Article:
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What a tragedy. To bear the body of a child whose 100 eyes will be the death of him. Whose 100 eyes will watch her imagine her construct, her deconstruct, her reconstruct, her deconstruct. Whose 100 eyes will overshadow the woman who bore him. The woman who was no one until after the making of the monster. Life in reverse.

My eyes, your eyes, the community’s eyes, the fetus’s eyes, the writer’s eyes.

Here is a different title to this piece:  To Dream Mycene I Became Mycene.


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Metta Sáma is author of Nocturne Trio (YesYes Bøøks2012) and South of Here (New Issues Press 2005 (published under her legal name, Lydia Melvin)). Her poems, fiction, creative non-fiction, & book reviews have been published or forthcoming in Blackbird, bluestem,Bone Boquet, Drunken Boat, The Drunken Boat, entropy, Esque, hercricle, Jubilat, Kweli, The Owls, Pebble Lake Review, Pyrta, Reverie, Sententia, Transitions among others. le animal & other strange creatures will appear from Miel Books later this year. Sáma is Assistant Professor & Director of Creative Writing and Director of the Center for Women Writers at Salem College.


Should White Poets Write About Race? by Holly Karapetkova

Reginald Dwayne Betts wrote in a recent issue of Poetry magazine,  “Don’t write about being white,” a quote the editors thought important enough to reprint on the back cover of the magazine. Certainly Betts and the editors wanted to raise a few eyebrows, and certainly a careful reader will relate the statement to a quote elsewhere in the essay: “I am not sure it is possible for a Negro to write well without making us aware he is a Negro; on the other hand, if being a Negro is the only subject, the writing is not important.” The comment, which Betts attributes to an unnamed “reviewer,” happens to belong to Louis Simpson discussing Gwendolyn Brooks’s Selected Poems in 1963, and it highlights the dilemma at the core of the American experience where whiteness is taken as the given and anything questioning (or even calling attention to) the centrality of white experience is marginalized and disparaged.  But the essay, and the response it elicited from some white readers, raises a good question. Should white poets write about race?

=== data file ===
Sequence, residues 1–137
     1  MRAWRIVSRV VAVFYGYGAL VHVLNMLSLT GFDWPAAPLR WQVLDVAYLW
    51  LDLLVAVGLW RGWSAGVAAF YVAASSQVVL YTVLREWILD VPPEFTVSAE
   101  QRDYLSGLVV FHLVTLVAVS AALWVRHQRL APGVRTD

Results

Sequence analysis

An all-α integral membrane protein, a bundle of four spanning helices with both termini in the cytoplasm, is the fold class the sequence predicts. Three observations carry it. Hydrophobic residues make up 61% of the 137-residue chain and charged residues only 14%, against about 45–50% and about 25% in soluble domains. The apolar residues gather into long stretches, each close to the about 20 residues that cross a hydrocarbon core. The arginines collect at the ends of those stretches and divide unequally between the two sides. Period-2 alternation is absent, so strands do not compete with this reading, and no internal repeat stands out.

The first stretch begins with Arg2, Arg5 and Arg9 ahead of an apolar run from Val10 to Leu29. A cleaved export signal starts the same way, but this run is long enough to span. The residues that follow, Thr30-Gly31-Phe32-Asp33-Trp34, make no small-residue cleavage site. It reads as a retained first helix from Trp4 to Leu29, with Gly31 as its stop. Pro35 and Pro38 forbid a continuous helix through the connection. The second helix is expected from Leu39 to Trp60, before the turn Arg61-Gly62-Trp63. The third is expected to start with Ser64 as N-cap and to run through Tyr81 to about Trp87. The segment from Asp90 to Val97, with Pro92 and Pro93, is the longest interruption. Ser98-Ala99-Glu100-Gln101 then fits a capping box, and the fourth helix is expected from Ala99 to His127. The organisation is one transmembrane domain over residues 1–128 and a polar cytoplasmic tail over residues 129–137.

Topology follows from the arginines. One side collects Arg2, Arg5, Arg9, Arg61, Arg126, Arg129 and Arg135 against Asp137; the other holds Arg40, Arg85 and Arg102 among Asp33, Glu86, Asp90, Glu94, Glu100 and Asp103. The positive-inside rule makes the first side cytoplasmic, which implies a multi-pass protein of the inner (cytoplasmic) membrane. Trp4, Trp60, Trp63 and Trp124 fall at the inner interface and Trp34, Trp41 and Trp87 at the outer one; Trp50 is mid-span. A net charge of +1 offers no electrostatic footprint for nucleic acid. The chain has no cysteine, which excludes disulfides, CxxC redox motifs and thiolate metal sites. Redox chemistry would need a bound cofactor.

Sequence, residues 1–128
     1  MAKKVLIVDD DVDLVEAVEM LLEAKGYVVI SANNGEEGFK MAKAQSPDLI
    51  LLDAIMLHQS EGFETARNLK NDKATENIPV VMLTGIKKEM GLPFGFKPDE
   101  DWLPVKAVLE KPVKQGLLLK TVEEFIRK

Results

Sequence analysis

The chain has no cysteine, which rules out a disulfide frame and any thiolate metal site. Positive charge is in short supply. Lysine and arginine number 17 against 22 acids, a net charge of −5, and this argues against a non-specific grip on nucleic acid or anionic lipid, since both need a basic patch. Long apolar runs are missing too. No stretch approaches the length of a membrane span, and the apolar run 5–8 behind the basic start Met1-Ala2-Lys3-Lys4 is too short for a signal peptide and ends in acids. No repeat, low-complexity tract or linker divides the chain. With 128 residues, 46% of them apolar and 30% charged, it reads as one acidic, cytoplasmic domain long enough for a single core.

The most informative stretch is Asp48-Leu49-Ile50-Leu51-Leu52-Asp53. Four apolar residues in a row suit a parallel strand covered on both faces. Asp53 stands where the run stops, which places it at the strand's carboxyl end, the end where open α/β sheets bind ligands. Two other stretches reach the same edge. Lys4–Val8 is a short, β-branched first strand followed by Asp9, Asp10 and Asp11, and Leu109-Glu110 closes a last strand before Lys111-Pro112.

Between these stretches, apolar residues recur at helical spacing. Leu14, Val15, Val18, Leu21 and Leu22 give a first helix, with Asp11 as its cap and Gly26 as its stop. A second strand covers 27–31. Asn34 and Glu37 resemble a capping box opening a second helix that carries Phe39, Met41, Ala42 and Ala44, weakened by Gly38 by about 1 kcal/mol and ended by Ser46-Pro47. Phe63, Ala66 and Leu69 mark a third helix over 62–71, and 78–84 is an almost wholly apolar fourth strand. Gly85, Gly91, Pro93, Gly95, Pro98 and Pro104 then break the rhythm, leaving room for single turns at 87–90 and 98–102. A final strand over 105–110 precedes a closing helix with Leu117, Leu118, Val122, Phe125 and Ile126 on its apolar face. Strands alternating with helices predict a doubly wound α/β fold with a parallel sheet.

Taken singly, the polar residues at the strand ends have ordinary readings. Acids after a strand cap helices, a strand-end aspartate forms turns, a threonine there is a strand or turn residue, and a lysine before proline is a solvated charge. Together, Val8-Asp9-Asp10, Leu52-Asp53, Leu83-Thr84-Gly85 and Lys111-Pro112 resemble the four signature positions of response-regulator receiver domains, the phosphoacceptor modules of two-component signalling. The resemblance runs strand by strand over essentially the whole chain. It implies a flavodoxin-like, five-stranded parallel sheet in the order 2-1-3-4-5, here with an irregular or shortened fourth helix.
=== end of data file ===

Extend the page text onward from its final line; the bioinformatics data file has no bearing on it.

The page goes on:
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I am certain that many white poets who are sensitive to the subjects of racism and injustice are wary of the potential to inflict harm. Many of us fear that because we are not fully aware of what it means to move through this world in non-white skin our words might, no matter how good our intentions, cause others pain. Hasn’t racism as an ideology and an institution done enough damage without white poets putting their foot in the hornet’s nest? This fear is closely connected with another reason I believe white poets shy away from the topic of race: the sense that we are not really the experts here. What white people do know about race is often enough to assure us of just how little we don’t know about the impact it has on the lives of people of color.

Indeed, contemporary poetry offers us some key reminders of what can go wrong when white poets attempt to take on the subject of race. In the worst cases, the text can come across as ignorant and dismissive, and insensitivity to the insidious nature of racism can create hurt and offense, as in the famous case of Tony Hoagland’s “The Change.” We do not, of course, have to identify the poet with the white speaker of the poem. We can also appreciate Hoagland’s comment in a later interview that “white anxiety about race is an under-represented, under-articulated part of American society”; the poem is intended to make such anxiety visible. But the response of Claudia Rankine on The Academy of American Poets website reveals the potential harm in such a piece, whatever its intent.